1940s Mens Fashions
1940's men's fashion is full of bravado and a full bodied maleness that can only come from living through the Depression-ravished 1930's.
Tough and self-assured with just a hint of vulnerability, is there any wonder that celebrities of today, for example Sean "Diddy" Combs, still sport the pinstripe style?
And speaking of pinstripes, let's remember that it's not only bankers who love this look; they were also incredibly popular with the gangsters, like Al Capone, of the day.
The Hat's the Thing
A well placed fedora and stripes galore help one achieve 1940's men's fashion in high style.
Notice how color coordinated this model is; matching looks were very big during this era.
Form Fitting Suits
Most of these male models are wearing suits because men's suits were very popular during this decade.
Of course, no outfit is complete without a coordinating tie!
Notice this model's suspenders and how they perfectly match his hat and his lady friend's dress. Very chic!
High Flying Style
Air travel was just hitting its stride during the 1940's, and along with its newfound popularity was the birth of "aviator style".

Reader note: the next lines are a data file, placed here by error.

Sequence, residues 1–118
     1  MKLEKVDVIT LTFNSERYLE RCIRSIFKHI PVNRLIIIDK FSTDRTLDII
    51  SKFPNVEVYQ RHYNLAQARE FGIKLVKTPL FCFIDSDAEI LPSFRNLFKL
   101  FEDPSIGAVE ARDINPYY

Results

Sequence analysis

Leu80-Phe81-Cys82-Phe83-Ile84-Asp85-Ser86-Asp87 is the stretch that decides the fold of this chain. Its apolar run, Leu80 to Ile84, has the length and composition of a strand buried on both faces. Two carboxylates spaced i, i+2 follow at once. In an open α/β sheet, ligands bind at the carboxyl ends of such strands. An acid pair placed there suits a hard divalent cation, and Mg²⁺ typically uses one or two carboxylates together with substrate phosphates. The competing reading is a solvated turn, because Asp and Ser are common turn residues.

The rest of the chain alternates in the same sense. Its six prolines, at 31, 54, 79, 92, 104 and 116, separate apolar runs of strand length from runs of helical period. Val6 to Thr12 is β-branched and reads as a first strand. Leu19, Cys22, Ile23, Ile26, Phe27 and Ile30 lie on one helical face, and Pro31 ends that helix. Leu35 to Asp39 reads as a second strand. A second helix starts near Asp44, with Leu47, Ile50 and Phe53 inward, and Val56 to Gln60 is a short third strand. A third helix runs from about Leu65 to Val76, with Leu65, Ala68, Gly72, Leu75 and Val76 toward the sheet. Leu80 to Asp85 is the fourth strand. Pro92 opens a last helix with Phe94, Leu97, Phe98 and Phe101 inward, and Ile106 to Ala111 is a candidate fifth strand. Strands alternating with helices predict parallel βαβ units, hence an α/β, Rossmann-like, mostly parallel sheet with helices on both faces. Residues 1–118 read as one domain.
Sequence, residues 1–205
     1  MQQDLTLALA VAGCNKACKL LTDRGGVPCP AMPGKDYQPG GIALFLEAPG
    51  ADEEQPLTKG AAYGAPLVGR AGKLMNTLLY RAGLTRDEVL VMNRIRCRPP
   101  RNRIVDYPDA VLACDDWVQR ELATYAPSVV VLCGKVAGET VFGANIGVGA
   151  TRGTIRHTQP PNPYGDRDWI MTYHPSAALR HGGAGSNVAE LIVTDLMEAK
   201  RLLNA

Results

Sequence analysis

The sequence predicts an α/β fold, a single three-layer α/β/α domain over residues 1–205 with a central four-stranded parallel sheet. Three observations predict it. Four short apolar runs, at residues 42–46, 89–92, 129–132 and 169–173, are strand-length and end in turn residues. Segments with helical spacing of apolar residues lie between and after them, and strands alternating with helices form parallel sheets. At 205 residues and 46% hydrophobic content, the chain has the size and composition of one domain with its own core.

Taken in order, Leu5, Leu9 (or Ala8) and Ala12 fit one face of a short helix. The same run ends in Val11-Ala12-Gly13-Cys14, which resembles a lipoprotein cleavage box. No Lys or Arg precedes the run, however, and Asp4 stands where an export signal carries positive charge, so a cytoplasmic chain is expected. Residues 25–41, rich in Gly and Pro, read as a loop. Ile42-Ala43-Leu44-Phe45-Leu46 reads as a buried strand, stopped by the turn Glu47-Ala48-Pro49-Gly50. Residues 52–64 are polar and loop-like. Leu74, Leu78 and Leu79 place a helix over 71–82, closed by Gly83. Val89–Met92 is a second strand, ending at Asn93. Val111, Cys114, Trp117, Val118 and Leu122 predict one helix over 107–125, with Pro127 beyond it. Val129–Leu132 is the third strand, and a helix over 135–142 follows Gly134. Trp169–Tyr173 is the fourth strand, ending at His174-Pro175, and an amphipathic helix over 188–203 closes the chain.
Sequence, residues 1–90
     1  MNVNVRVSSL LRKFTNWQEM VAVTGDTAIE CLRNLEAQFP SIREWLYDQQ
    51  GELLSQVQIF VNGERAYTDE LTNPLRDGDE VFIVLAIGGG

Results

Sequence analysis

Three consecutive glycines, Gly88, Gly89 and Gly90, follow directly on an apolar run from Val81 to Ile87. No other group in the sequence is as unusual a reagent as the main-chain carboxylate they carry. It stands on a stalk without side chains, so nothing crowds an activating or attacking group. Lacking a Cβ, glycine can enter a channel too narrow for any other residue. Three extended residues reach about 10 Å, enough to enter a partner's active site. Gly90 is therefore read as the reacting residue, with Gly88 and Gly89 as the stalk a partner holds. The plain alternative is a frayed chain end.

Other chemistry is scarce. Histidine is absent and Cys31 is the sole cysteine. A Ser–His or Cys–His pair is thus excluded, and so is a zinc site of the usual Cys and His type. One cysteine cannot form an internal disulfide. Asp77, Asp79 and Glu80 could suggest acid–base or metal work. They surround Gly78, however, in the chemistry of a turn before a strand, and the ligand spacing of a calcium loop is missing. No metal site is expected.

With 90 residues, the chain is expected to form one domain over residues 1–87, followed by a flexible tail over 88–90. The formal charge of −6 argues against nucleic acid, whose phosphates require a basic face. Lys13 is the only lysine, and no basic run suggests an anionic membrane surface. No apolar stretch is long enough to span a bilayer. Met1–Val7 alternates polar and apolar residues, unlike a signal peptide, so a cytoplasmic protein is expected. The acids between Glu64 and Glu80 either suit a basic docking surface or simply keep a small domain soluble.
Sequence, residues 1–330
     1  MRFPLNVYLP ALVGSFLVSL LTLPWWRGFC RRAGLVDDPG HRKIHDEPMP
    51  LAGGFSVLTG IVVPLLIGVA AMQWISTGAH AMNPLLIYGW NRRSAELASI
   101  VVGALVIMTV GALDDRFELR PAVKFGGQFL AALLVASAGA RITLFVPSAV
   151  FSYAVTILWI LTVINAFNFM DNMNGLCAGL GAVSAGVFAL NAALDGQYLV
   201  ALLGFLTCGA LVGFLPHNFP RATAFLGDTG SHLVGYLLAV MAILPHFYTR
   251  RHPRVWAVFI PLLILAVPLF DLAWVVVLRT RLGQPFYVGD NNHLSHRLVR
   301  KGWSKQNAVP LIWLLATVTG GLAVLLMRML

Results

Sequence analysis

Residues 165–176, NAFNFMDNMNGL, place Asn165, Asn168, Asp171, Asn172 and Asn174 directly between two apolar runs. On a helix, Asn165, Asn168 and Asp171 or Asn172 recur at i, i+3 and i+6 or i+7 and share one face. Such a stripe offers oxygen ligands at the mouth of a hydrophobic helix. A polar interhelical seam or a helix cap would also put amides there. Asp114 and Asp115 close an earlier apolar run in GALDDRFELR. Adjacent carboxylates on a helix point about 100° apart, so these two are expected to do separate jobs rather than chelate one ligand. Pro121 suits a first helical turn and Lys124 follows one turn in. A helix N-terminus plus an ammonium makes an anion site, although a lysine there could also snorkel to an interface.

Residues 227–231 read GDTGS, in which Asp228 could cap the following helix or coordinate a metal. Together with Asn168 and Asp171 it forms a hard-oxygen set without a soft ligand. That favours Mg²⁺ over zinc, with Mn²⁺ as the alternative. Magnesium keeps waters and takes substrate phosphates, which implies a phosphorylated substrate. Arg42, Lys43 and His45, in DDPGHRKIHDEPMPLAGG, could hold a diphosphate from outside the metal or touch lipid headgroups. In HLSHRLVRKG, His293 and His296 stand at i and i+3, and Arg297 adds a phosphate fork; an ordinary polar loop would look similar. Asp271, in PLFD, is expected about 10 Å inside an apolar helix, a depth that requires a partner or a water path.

Note the jacket, the hat and the scarf.
Of course, the dark underbelly of this time, along with the 1930's, heralded the birth of the gangster.
Here's an outfit that even Machine Gun Kelly would have been proud of!
Mad, Bad and Dangerous to Know
They say most women love a bad boy, or maybe it's just his impeccable style!
Who needs Humphrey Bogart when you can wear all white and look like you just stepped out of Casablanca?
Wondering how you can pull off the 1940's look today? The next three pictures will help.
Here, we see color coordinating between the shirt and tie, and the addition of a hat.
Does It Get Any Better?
This stunningly handsome model looks even better in a coordinating hat, shirt and jacket.
The lollipop? That's optional.
Lounge in Style
Love this look for the argyle sweater, the dapper hat and the coordinating shoes.
Not only did this style of men's dress look brilliant in the 1940's, but it can look equally stylish today.